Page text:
The da Vinci was first used on a human for a head and neck procedure in 2005 at the University of Pennsylvania. An update to the robot made the experiment possible, when slimmer tools were developed for the robot that might more easily fit inside the mouth. (Even with the smaller tools, working inside someone’s throat can be a tight squeeze, depending on the patient.)

“If we’re able to operate through the mouth, we can avoid a lot of downsides to different approaches,” Damrose said, pointing to surgeries that involve breaking the jaw.

“Patients recover faster. They look better. They can swallow better,” he said. “It’s helping us a lot to accomplish procedures endoscopically where a few years ago these things would likely not have been possible.”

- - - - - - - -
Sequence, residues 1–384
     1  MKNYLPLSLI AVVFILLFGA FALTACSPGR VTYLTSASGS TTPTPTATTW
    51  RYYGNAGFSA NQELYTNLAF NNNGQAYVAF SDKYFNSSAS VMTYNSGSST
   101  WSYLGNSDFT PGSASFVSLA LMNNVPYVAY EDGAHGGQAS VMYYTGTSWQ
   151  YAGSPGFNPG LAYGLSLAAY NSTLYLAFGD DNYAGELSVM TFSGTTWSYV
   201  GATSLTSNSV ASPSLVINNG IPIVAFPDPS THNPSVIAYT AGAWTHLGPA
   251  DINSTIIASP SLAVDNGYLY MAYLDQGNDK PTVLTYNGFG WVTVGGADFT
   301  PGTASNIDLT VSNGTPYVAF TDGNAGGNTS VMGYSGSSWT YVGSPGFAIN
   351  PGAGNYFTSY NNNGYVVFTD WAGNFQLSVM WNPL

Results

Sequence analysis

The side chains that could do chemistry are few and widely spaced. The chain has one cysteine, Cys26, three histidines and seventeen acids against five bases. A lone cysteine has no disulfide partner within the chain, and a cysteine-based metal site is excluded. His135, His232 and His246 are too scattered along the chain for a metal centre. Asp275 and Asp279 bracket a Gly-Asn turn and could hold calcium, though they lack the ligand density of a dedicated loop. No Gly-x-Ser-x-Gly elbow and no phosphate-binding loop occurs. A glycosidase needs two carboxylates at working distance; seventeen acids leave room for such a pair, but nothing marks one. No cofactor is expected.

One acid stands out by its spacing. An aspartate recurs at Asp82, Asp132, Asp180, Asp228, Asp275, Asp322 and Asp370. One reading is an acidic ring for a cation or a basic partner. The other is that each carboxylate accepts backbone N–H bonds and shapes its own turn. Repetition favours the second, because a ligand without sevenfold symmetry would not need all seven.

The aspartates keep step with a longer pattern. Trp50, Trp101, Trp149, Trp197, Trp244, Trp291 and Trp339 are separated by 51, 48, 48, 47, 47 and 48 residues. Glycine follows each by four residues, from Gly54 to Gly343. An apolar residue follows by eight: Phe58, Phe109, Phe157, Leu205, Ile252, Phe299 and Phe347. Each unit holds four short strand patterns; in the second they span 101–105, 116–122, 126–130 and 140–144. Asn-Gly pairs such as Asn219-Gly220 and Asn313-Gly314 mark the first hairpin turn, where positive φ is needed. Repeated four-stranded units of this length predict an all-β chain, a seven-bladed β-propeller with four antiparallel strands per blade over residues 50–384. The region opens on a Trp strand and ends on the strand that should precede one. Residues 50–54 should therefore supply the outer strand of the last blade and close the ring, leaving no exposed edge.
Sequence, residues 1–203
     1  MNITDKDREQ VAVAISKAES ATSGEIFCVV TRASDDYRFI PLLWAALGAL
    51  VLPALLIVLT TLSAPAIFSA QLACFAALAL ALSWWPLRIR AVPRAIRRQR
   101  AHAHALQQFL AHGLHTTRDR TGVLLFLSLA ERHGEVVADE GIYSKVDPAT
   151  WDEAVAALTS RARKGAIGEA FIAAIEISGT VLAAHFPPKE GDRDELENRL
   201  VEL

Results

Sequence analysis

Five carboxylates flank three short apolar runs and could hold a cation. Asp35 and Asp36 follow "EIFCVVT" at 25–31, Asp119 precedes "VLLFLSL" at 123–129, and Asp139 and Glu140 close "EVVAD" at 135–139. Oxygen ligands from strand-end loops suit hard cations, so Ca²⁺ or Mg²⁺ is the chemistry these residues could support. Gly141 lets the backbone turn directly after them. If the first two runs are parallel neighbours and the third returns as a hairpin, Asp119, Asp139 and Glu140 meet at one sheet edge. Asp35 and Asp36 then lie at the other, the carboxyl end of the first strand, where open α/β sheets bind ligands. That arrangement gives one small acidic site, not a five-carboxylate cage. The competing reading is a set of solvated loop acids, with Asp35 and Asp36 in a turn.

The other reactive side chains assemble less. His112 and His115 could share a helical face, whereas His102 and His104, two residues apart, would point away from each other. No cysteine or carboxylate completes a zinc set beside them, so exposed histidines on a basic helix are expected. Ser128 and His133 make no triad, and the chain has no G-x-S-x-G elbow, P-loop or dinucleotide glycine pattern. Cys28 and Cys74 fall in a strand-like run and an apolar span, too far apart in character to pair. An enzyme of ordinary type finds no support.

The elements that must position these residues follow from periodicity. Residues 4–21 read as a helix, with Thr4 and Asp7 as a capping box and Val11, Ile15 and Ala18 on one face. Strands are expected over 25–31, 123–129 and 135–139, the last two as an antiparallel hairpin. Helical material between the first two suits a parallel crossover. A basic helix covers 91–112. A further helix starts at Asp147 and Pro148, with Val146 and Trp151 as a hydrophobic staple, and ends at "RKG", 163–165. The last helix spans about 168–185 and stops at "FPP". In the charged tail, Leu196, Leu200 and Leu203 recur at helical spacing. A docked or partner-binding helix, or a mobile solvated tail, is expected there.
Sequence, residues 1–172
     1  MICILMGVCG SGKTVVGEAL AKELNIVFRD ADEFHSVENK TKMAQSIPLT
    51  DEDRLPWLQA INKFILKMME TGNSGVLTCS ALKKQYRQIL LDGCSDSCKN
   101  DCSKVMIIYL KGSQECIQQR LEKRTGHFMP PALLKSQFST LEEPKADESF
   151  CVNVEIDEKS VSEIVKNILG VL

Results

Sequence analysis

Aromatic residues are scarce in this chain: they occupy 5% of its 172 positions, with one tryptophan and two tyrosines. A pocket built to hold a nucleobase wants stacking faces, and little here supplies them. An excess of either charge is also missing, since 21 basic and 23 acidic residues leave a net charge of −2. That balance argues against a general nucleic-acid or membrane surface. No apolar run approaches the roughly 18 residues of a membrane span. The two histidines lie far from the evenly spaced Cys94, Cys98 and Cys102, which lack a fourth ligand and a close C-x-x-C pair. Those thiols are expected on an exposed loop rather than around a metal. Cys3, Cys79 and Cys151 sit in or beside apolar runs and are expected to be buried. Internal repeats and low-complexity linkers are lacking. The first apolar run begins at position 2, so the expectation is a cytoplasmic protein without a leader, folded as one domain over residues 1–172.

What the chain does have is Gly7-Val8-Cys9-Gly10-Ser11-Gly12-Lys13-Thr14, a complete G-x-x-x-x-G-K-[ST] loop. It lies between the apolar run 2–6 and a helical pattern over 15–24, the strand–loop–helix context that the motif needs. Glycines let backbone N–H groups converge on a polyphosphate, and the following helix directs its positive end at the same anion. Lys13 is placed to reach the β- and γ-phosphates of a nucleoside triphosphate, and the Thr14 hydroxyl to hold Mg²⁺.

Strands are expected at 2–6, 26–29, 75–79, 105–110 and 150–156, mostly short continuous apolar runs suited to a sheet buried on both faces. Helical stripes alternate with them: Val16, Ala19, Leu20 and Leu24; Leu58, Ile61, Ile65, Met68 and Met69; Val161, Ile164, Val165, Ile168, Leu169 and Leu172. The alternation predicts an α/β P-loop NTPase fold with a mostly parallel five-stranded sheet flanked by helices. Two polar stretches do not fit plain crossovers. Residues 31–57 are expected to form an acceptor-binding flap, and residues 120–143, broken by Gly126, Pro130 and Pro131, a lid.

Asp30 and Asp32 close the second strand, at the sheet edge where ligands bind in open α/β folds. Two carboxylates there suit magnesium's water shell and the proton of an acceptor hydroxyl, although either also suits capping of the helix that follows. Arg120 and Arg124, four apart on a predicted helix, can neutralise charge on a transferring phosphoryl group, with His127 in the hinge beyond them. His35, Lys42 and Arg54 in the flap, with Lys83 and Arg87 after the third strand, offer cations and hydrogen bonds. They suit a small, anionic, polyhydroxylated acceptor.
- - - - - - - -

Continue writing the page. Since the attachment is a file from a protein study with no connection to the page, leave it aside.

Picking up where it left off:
Ayers’ story is also captured in the Stanford Hospital video above.

Sleep, Stanford News, Surgery

How effective are surgical options for sleep apnea?

How effective are surgical options for sleep apnea?

A recent entry on the Stanford Center for Sleep Sciences and Medicine blog on the Huffington Post examines the effectiveness of surgical options for obstructive sleep apnea (OSA), from which an estimated two in 10 Americans suffer.

Robson Capasso, MD, director of sleep surgery and a clinical assistant professor of otolaryngology at Stanford, writes: